Filing an elective share petition starts a formal legal proceeding that follows complex rules and procedures. Many of the rules that apply to general civil lawsuits must be followed, along with rules for estate proceedings. For example, the petition must be served on the executor and everyone who may have property of the deceased spouse. This service must be done in certain ways detailed in the North Carolina Rules of Civil Procedure, along with the filing of proof of service.
Who Else is Involved in the Proceeding?
In addition to the executor, anyone who has any of the total assets should be named in the petition and formally served notice of the petition. Everyone who owns or controls part of the total assets is called a “Responsible Person.” It is important to get everyone who has assets involved for the practical reason of letting them know what is going on, and also for the legal reason of putting them under court orders.
The surviving spouse can and should ask the clerk of court to enter an order freezing assets that are part of the total assets. If someone spends, sells, or gives away assets, it may be difficult or impossible to collect the full elective share. It is very frustrating to have a valid claim, but not be able to collect because someone has spent the money or otherwise disposed of assets.
Identifying the Total Assets
The Executor has two months from the filing of the petition to submit to the clerk of court a list of everything that makes up the total assets, and the value of each asset. The executor can use an IRS form 706 (US Estate Tax Return), but does not have to use that form, so long as he or she provides all the information.
Sometimes the surviving spouse is familiar with the deceased spouse’s assets and finances and can confirm that the list of assets given by the executor is complete. In other cases, it is important to do research to make sure all the assets have been identified. Such research into assets usually includes reviewing tax returns, real estate records, tax records, and any statements from banks, brokerage accounts, etc.
In some cases, the surviving spouse may need to use formal court powers to discover assets. This includes using subpoenas to get information from third parties such as banks. It may also include using “discovery”, a formal legal procedure used in civil lawsuits to force other parties to answer questions and share documents.
Valuing the Total Assets
To calculate the value of the elective share, you must know the value of the total assets. Some assets are easy to value, such as a bank account. Other assets, like real estate, are not as easy to value. Sometimes professional appraisers are needed to inspect property, do research, and estimate the value of property. The law, and the clerk of court, encourages the parties to agree on the value of the assets. If the parties cannot agree on what assets are part of the total assets, or the value of the total assets, the clerk of court will hold a hearing. At the hearing, the parties will have the opportunity to call witnesses, present testimony, and present evidence about the total assets and their value. At the end of the hearing, the clerk of court will decide exactly what assets are part of the total assets, the value of those assets, and can then calculate the elective share.
Elective Share collected in cash or in-kind
To fulfill his or her elective share, the surviving spouse may receive either cash or assets, such as land, or a mix of cash and assets. For example, if the value of the elective share is $320,000, the surviving spouse could receive it all in cash, or in a mix, such as $120,00 in cash and $200,000 in property, or all in property. The responsible persons, who are required to pay the elective share, get to decide how to pay the surviving spouse.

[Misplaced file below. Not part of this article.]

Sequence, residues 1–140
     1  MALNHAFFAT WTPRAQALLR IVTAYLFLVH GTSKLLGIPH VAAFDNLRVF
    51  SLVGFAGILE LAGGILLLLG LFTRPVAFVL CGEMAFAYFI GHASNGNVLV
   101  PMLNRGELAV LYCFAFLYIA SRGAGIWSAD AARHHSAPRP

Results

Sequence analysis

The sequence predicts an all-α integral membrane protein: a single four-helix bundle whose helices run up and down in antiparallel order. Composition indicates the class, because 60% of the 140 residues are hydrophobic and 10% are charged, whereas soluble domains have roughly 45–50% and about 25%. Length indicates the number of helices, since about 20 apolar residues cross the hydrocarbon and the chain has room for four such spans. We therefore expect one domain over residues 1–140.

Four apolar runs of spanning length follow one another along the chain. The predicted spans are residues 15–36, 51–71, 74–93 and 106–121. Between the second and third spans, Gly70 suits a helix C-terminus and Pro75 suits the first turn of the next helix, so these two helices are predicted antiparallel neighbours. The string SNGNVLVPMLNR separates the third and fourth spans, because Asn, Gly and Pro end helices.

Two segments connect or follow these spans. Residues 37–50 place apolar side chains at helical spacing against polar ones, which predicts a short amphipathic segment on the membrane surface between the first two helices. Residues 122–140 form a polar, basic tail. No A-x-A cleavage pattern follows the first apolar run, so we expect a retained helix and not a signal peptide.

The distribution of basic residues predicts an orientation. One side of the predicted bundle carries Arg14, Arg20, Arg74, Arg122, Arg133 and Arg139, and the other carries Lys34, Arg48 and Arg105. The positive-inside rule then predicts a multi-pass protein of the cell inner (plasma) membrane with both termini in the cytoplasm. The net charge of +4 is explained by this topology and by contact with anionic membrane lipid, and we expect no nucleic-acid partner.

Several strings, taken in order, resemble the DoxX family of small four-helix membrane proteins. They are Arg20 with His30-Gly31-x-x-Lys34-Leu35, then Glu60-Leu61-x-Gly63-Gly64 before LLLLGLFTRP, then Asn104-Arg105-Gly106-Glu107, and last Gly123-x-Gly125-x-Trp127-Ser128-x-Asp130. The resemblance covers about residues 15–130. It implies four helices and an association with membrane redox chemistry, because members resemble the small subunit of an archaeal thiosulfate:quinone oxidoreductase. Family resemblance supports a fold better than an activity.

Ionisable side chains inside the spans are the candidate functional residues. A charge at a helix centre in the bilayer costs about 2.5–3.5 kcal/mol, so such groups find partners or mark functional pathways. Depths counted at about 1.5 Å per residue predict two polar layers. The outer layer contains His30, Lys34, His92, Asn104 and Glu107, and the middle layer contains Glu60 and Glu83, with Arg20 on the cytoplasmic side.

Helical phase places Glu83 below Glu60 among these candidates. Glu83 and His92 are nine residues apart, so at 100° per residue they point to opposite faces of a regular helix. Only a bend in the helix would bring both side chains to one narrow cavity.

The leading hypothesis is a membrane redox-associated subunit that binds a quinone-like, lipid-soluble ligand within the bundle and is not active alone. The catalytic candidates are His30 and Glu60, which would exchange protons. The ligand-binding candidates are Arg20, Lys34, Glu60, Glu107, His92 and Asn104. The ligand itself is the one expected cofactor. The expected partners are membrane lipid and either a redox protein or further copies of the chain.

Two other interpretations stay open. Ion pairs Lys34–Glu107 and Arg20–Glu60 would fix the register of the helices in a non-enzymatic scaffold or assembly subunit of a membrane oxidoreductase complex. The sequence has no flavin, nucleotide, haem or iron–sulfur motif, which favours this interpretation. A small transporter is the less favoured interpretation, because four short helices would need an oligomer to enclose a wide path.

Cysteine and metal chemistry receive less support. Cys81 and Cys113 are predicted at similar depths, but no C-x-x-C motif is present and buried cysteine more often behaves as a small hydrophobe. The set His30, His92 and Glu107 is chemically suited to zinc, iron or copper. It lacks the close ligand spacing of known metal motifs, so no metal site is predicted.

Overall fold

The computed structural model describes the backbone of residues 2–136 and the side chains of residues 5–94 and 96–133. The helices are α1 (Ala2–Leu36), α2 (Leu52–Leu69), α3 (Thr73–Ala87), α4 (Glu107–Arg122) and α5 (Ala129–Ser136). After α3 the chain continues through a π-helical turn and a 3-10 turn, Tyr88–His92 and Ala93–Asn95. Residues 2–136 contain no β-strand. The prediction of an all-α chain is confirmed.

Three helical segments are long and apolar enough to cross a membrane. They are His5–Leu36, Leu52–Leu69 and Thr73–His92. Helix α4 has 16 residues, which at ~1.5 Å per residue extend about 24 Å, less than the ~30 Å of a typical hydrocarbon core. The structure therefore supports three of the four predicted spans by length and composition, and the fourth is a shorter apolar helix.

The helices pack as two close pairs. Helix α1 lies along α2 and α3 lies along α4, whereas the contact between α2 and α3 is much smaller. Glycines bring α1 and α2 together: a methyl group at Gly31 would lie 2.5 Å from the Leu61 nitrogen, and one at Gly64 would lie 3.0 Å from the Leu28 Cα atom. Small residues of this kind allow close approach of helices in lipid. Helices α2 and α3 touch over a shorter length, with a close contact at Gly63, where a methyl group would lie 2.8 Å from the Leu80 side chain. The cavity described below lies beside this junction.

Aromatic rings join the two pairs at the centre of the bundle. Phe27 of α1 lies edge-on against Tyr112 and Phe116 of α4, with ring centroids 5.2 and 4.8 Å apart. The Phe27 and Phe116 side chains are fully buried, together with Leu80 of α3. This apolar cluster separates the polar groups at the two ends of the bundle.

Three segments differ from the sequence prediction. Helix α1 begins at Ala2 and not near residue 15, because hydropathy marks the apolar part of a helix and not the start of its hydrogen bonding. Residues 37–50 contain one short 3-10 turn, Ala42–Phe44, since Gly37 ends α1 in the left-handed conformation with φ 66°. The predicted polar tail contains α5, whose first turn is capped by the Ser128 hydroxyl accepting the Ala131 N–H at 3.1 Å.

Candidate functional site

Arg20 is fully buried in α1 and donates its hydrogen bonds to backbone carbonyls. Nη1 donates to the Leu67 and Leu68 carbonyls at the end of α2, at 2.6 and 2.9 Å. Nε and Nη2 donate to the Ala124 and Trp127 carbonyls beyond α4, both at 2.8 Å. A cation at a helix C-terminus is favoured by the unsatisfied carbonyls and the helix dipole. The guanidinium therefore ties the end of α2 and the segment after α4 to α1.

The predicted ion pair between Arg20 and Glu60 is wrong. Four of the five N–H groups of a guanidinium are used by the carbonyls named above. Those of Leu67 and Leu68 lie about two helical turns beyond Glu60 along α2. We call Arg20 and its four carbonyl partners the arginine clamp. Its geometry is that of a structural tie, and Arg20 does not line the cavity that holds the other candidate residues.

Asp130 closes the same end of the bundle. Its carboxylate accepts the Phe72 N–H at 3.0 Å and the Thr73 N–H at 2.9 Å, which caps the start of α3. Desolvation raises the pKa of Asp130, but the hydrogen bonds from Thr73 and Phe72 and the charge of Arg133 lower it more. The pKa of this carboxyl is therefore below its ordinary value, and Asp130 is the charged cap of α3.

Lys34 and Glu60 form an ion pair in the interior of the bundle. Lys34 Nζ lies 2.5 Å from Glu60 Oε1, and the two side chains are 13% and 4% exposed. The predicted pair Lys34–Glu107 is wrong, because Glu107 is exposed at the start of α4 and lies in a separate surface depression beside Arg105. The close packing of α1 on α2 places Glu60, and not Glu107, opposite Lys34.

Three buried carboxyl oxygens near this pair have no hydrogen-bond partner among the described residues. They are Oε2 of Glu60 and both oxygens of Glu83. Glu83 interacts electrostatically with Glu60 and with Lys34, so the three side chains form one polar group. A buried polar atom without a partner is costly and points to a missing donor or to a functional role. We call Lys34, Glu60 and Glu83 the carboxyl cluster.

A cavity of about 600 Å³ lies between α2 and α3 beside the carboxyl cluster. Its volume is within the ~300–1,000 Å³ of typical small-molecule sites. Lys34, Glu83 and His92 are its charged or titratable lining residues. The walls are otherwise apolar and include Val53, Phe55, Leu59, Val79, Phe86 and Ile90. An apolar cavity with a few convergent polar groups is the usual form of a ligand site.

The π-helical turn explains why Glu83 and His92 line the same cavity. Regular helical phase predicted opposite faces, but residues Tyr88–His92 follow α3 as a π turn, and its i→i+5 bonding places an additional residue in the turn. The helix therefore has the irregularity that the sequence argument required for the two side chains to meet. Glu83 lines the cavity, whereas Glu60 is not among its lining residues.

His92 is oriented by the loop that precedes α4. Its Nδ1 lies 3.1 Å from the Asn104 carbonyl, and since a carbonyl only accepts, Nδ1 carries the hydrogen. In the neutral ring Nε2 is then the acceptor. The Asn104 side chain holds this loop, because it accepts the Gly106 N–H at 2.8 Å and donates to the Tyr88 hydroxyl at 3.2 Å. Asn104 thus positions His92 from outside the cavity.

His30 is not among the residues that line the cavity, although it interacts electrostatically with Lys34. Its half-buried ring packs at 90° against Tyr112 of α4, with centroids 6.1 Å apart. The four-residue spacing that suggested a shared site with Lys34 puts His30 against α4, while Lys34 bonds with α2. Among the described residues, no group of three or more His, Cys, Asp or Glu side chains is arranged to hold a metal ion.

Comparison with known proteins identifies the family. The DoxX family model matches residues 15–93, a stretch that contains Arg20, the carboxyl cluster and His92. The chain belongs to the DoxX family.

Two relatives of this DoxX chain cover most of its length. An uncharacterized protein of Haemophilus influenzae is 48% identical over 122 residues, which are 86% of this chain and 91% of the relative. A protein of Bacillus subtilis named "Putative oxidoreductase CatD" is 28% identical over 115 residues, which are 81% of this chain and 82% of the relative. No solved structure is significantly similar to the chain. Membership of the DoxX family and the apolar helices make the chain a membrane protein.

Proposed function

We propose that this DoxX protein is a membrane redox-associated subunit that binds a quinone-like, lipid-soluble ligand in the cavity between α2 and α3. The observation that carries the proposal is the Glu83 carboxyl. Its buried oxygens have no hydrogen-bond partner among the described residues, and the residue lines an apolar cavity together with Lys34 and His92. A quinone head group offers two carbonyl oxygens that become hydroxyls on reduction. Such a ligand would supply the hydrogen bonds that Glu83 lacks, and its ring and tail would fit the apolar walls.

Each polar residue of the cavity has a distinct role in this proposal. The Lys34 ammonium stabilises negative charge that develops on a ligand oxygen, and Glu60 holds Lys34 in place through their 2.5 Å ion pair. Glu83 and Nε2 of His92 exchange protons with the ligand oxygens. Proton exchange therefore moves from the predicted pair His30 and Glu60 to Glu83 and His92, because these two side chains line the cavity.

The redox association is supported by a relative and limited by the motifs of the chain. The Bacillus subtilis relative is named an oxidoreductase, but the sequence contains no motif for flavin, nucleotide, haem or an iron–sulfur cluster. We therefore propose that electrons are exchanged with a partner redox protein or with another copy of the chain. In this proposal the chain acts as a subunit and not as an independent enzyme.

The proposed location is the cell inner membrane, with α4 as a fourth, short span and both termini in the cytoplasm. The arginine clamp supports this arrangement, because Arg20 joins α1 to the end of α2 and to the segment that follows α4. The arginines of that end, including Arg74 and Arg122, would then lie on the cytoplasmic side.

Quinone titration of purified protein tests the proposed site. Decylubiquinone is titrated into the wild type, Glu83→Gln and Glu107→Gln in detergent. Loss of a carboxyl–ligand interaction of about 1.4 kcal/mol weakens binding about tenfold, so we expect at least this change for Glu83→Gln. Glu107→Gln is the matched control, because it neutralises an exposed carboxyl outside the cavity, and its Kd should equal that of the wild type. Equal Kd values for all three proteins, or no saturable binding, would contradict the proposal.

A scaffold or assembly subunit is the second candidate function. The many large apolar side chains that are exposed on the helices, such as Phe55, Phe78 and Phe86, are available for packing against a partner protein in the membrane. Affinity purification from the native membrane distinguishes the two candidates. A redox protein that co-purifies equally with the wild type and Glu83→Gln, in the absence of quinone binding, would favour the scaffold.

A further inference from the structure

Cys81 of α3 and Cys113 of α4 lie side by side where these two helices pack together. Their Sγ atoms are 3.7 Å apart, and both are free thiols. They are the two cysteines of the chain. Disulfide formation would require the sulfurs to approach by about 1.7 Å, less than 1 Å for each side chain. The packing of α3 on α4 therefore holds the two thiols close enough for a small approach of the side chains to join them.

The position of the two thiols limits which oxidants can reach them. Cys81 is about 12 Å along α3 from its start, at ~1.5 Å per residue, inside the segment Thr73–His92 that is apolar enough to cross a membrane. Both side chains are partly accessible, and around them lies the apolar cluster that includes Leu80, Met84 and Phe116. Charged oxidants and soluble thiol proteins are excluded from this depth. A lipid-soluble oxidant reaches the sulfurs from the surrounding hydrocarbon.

When a surviving spouse claims an elective share, it means that other people are going to get less of the assets. These other people may not like the surviving spouse, and may not want to split land, money, and other assets. Often these situations involve blended families, and the surviving spouse is fighting with his or her in-laws. Often the responsible persons will delay paying the share and try to pay as little as possible. In the worst cases, they hide assets and fight every step of the way.
That said, it makes sense for the surviving spouse to try to get along with the other side, be reasonable, be courteous, and share information. The more cooperation the better. At the same time, the surviving spouse must protect his or her rights and, when necessary, use the power of the court system to move the case along or force payment of the elective share.
It usually takes 6 to 12 months to get the Elective Share Award
The length of the elective share proceeding depends upon the amount and complexity of the assets, the complexity of the estate proceeding, and how much cooperation or conflict there is with the other side. Sometimes it takes a while to find all the assets and figure out how much they are worth. In other cases, land must be sold, which can take several months. In most cases, the surviving spouse should receive most of the elective share within six to twelve months of filing. Often the surviving spouse must wait for the estate to be completed before receiving all of the share, because estate expenses are taken into consideration to calculate the award. However, most of the share can and should be paid in advance of closing the estate.
High conflict cases are likely to take more than a year to resolve because court proceedings often take a long time. Motions (formal requests made to the court) must be filed and served, hearings must be scheduled, evidence discovered and developed, etc. Because of the time and cost involved in fighting over issues in court, it is in everyone’s best interest to come to agreements among the parties.
Hire an Attorney?
Not only should a surviving spouse get an attorney, he or she should hire an attorney experienced with elective share cases. While the idea of the law is simple, the law itself is complex. It is like taxes. The idea of paying income tax is simple, but when a lot of money is at stake, you want a knowledgeable CPA or tax attorney. For good or bad, our legal system is extremely complicated and takes years of expertise to navigate. There are rules about what to file, deadlines of when to file, and formal hearings in court. To investigate assets, you may need to do “discovery”, which is itself a complex set of laws about how to force the other side to answer questions and provide documentation. Sometimes it is necessary to issue subpoenas or question live witnesses. It is also important to know how to negotiate and what is worth fighting over.